Inspirational Quotations by Jewish Authors #5
Religious Inspirational Quotations
TOPICS: Benevolence; Charity; Courtesy; Encouragement; Forgiveness; Frankness; Friendship; Generosity; Hospitality; Kindness; Love Thy Neighbor as Thyself; Memories; Sacrifice; Service; Tolerance; Understanding.
The noble effects of a bright intellect, the exalting energies of a powerful, the generous sympathies of a benevolent heart, alike tend to vindicate the divine origin of the human soul, to elevate the condition of our societies, and hence to bespeak the admiration and gratitude of all generations.
---James K. Gutheim, The Jewish Messenger, New York, N.Y., June 8, 1860.
Bold but not benevolent charity is an insult to the taker and an accusing witness against the donor. The only charity which is elevating is helping one to help himself. Such charity is called benevolent.
—Alexander Kaufman, The Jewish Voice, St. Louis, Mo., Feb. 5, 1926.
Manual, creative work (in the sense that making anything is creative) has always been an essential part of human nature; it is even more essential today, when the machine age has tended to routinize our jobs, to give us a sense of inferiority by thrusting us into a complicated economic system in which our individual efforts seem to be insignificant, mechanical motions which could be performed just about as well by the next fellow. And particularly in these troubled times, when established values are tumbling all around us, people need the sense of self‑confidence, self‑respect, that comes only from seeing something take complete form under their own hands.
-‑‑Boris Blai, American Magazine, Springfield, Ohio, January 1940.
Give charity with your heart and not as a dole.
---Sophie Irene Loeb, The Evening World, New York, N.Y., Dec. 31, 1914.
The real meaning of charity is for both the giver and the recipient to recognize the milk of human kindness.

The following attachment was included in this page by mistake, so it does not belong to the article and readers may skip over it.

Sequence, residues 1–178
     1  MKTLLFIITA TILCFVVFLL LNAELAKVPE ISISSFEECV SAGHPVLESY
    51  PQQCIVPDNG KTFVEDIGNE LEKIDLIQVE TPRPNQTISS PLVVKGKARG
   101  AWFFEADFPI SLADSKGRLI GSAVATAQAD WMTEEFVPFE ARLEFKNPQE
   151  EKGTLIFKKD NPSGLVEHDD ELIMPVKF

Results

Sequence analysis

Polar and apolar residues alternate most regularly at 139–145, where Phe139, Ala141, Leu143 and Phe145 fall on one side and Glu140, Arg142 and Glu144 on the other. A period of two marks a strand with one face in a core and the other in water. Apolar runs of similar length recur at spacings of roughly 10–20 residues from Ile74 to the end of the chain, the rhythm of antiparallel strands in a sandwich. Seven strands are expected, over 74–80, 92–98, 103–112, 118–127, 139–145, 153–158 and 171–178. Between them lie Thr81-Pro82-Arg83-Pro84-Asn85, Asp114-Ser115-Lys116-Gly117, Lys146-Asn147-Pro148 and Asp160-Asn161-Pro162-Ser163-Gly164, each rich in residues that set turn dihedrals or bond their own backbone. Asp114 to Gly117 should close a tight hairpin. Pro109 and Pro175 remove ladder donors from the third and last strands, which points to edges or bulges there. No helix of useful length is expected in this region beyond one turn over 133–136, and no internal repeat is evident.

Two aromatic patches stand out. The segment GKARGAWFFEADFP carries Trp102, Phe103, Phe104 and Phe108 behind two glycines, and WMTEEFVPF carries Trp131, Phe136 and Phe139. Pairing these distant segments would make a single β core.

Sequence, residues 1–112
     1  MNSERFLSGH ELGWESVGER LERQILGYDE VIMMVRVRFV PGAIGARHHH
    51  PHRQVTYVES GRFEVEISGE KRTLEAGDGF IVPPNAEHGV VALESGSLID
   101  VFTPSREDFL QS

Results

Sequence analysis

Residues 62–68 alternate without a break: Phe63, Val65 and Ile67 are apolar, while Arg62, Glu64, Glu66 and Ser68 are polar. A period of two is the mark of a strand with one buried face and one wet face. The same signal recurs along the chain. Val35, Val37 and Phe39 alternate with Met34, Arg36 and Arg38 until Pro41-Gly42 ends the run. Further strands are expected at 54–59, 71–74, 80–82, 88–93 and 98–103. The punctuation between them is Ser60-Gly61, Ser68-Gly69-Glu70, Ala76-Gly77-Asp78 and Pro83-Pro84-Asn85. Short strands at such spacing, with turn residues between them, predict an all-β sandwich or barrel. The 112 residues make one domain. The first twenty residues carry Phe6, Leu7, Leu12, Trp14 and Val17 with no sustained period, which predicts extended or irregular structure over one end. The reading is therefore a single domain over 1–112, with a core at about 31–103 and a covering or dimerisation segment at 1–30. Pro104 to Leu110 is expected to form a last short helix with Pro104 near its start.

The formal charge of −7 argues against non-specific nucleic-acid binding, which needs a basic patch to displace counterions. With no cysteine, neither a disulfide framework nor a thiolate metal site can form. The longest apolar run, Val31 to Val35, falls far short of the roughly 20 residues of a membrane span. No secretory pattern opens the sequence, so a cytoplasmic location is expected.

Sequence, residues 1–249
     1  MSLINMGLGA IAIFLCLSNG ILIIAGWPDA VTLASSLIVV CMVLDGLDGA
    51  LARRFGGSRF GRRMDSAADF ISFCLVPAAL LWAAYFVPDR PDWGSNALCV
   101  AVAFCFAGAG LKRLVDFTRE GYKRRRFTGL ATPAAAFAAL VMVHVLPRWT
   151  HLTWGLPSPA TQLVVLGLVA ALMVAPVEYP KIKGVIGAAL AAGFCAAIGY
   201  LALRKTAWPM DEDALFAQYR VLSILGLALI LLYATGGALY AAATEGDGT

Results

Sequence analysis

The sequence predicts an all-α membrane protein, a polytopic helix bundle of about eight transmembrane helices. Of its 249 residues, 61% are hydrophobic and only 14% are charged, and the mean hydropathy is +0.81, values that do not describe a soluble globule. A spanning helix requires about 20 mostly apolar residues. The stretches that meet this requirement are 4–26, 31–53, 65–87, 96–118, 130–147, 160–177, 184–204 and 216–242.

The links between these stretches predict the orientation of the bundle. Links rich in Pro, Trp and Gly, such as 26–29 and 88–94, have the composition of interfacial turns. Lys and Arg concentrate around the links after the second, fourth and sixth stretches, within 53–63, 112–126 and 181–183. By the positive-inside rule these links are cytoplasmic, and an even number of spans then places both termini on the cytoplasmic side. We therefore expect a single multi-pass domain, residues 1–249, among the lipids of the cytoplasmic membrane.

---Sophie Irene Loeb, The Evening World, New York, N.Y., Jan. 2, 1915.
Give charity with the blessings of a boost, rather than with the curse of a kick.
---Sophie Irene Loeb, The Evening World, New York, N.Y., Jan. 2, 1915.
Charity properly bestowed is either preventive of evil or promotive of good. Look at its value in meeting and relieving the calls and cries of want and suffering. Unless we adequately go forth to lighten the burdens and soothe the soreness that have been precipitated by the general deprivation and depression we shall have an abrupt and dangerous increase of criminality. It is useless to argue with severe hunger and other forms of suffering. A normal natural rebound to such is often some form of moral perversity. Accordingly, whoever refuses or fails to make appropriate satisfaction to the calls of charity at a time of unusual strain makes addition to the varied cost and evils of criminality. Charity is conservative of character. Parsimony is a path to prison.
Properly conceived and carried out charity is a recognition of individual or social misfortune that strikes down fellow workers in the social scheme who have a just claim upon the uplift possible to our better fortune. He who perpetrates it in this spirit comes out of the transaction bigger, stronger, better, spiritually and morally, and so is happier for the deed.